Separately, we are also in the process of deploying AI tools for our utility patent and trademark examiners. So many hours of examiner’s efforts are lost weeding out irrelevant prior art and zeroing in on relevant art instead of the sophisticated intellectual analysis of what is patentable under intellectual property laws. AI tools might provide relief from this mundane work. We believe that these technologies will create a more positive work environment for all our staff, and also improve stakeholder satisfaction.

Back before the time of computer searching, patent examiners would search through paper card catalogues that we at the USPTO called the “shoes.” Computer searching changed all that, and the sophistication and scope of prior art searching exploded. We foresee that AI tools will bring more efficient and high-quality searches as our examiners sift through the exponentially growing databases of art. This in turn will lead to more stable, reliable, and predictable IP rights.

In fiscal year (FY) 2020, we evaluated an AI prototype for utility patent searches that not only helps identify potentially relevant art, but also takes the next step by making suggestions for other areas of search. These capabilities are now being integrated into next generation patent examiner search tools, and we plan to deploy them during the current fiscal year.

In addition, I am pleased to announce that this month we launched our initial deployment of an AI-based auto-classification system. This is a huge step, and begins automation of assignment of technology classification numbers to new applications.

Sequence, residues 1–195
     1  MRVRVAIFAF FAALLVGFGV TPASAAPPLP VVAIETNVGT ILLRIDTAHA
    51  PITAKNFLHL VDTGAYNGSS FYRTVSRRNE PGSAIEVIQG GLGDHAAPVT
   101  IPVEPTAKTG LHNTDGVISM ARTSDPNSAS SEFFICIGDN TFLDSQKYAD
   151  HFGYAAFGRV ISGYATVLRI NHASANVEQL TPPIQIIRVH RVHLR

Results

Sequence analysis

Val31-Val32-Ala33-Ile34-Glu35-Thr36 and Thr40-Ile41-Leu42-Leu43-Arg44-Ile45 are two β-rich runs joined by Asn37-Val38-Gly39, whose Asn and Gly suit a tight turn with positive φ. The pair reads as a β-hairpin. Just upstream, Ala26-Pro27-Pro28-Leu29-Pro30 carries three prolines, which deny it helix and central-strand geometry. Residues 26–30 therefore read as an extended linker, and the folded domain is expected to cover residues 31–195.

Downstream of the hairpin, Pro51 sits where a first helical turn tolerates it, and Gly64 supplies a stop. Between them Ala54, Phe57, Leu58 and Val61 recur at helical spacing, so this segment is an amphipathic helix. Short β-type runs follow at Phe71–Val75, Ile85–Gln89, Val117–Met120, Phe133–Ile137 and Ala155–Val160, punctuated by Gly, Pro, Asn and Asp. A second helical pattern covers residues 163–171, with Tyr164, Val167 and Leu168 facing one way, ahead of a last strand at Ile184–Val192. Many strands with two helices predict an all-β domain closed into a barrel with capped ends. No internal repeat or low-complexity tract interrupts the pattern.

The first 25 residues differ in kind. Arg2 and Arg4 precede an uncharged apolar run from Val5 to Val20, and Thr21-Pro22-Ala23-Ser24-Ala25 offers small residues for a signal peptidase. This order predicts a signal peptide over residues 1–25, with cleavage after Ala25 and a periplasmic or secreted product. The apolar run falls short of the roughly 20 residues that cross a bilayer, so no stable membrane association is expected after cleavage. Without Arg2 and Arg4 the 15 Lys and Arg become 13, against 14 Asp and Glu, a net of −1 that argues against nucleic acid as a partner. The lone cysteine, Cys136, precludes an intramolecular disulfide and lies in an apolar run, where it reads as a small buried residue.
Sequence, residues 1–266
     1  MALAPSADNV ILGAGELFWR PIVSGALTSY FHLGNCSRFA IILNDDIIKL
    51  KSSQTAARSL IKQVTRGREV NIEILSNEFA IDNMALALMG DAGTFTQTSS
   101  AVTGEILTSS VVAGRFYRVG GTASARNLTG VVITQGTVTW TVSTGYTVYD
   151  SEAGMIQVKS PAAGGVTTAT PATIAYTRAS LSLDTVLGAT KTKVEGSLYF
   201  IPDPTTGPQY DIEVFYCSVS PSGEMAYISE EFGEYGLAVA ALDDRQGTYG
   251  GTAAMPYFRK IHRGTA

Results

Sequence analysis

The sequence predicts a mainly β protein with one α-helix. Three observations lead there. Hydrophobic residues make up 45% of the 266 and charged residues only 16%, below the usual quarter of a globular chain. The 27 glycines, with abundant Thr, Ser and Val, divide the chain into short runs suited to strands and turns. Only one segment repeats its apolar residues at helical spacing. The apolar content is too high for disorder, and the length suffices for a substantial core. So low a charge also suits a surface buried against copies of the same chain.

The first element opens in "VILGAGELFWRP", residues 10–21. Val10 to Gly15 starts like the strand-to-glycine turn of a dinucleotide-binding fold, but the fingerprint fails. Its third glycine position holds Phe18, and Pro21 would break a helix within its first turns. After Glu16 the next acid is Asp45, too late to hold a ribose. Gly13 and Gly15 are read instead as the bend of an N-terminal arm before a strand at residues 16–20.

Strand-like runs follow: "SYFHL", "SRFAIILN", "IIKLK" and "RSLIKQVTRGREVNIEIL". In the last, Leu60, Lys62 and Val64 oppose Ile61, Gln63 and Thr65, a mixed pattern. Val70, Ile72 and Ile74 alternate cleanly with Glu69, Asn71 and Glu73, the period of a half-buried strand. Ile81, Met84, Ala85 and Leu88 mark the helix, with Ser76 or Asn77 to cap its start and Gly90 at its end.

On the Trademarks side of the house, we have two big projects in the works. Trademark filings continue to break records and, in fact, September was our biggest filing month in history for trademarks. We are motivated to bring new technologies in to help bear the caseload and to make our processes more efficient and cost-effective.

These include an Image Search tool and an Automated Specimen Analysis Project for detecting doctored specimens. Both are high priorities because they will help to counteract fraudulent filings.

The search prototypes compare trademark image logos and the like, suggest the correct assignment of mark image design codes, and identify acceptable identifications of goods and services. We began beta testing in November.

I am pleased to report that the tool for detecting fraudulent specimens is being implemented in full production this month. It is able to detect images that have been manipulated, and we will be using it to screen the images that registrants need to submit showing their products or services that are used with the trademark.

Let me state this clearly: even though we are incorporating AI tools into our operations, we do not foresee AI replacing our examiners, or in making decisions as to what is patentable or registerable as a trademark. The human ability to interpret drawings and nuanced information associated with a patent invention disclosure, and to determine the appropriate legal protections for both patents and trademarks, is not replaceable by machine. So, as always, the best way forward is through high quality examination by our examiners, and we continue to encourage our stakeholders and examiners to retain open lines of communication throughout the prosecution process.